The War of the Worlds
The War of the Worlds is a science fiction novel by English author H. G. Wells first serialised in 1897 by Pearson's Magazine in the UK and by Cosmopolitan magazine in the US. The novel's first appearance in hardcover was in 1898 from publisher William Heinemann of London. Written between 1895 and 1897, it is one of the earliest stories that detail a conflict between mankind and an extraterrestrial race.
The novel is the first-person narrative of both an unnamed protagonist in Surrey and of his younger brother in London as southern England is invaded by Martians. The novel is one of the most commented-on works in the science fiction canon.The plot has been related to invasion literature of the time. The novel has been variously interpreted as a commentary on evolutionary theory, British imperialism, and generally Victorian superstitions, fears and prejudices.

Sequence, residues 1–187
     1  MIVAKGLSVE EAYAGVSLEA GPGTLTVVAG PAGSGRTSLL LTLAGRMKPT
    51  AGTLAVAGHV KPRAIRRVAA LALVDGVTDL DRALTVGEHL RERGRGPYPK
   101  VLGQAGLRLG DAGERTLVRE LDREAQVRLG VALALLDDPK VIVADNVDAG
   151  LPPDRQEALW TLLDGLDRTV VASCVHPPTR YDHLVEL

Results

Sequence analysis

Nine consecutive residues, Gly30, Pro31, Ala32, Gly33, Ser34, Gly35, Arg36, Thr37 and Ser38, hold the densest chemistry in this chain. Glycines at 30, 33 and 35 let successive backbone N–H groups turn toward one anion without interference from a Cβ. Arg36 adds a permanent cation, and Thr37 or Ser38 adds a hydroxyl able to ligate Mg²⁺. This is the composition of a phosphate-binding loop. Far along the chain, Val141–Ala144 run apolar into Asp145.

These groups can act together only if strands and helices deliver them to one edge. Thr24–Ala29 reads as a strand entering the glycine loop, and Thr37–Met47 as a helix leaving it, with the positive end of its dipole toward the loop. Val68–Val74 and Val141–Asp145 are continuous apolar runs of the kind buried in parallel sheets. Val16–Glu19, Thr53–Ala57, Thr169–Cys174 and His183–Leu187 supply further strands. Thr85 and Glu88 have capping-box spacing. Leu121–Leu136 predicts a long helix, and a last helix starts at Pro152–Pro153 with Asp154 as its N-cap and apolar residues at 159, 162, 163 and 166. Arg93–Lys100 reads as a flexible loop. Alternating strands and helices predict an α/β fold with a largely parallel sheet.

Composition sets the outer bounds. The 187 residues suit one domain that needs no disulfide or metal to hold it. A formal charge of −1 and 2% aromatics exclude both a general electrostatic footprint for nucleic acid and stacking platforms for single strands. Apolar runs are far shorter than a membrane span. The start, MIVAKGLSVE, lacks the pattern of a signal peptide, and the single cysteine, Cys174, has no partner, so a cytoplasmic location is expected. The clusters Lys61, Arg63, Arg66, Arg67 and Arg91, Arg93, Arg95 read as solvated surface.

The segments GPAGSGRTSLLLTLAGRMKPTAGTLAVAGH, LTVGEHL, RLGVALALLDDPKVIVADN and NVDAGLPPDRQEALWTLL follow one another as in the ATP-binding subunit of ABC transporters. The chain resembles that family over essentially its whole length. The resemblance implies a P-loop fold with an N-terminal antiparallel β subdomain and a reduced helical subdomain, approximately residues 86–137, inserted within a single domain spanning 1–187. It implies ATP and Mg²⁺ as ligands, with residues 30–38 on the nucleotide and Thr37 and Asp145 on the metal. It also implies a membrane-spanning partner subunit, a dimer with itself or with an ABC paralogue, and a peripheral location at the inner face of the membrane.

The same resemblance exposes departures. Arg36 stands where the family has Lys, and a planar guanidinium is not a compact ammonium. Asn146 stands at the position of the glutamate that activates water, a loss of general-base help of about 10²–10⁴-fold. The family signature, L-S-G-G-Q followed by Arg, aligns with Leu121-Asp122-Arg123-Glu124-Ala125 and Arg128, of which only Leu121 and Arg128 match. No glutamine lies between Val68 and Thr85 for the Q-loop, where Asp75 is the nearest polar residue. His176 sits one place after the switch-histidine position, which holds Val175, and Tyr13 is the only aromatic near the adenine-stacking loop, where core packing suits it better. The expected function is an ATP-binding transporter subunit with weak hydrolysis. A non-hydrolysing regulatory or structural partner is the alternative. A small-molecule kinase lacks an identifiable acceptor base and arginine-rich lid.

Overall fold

At the time of publication, it was classified as a scientific romance, like Wells' earlier novel The Time Machine. The War of the Worlds has been both popular (having never been out of print) and influential, spawning half a dozen feature films, radio dramas, a record album, various comic book adaptations, a television series, and sequels or parallel stories by other authors. It has even influenced the work of scientists, notably Robert H. Goddard, who, inspired by the book, invented both the liquid fuelled rocket and multistage rocket, which resulted in the Apollo 11 Moon landing 71 years later.The narrative opens by stating that as humans on Earth busied themselves with their own endeavours during the 1890s, aliens on Mars began plotting an invasion of Earth to replenish their limited resources. In 1899 the narrator is invited to an astronomical observatory at Ottershaw where explosions are seen on the surface of the planet Mars, creating much interest in the scientific community.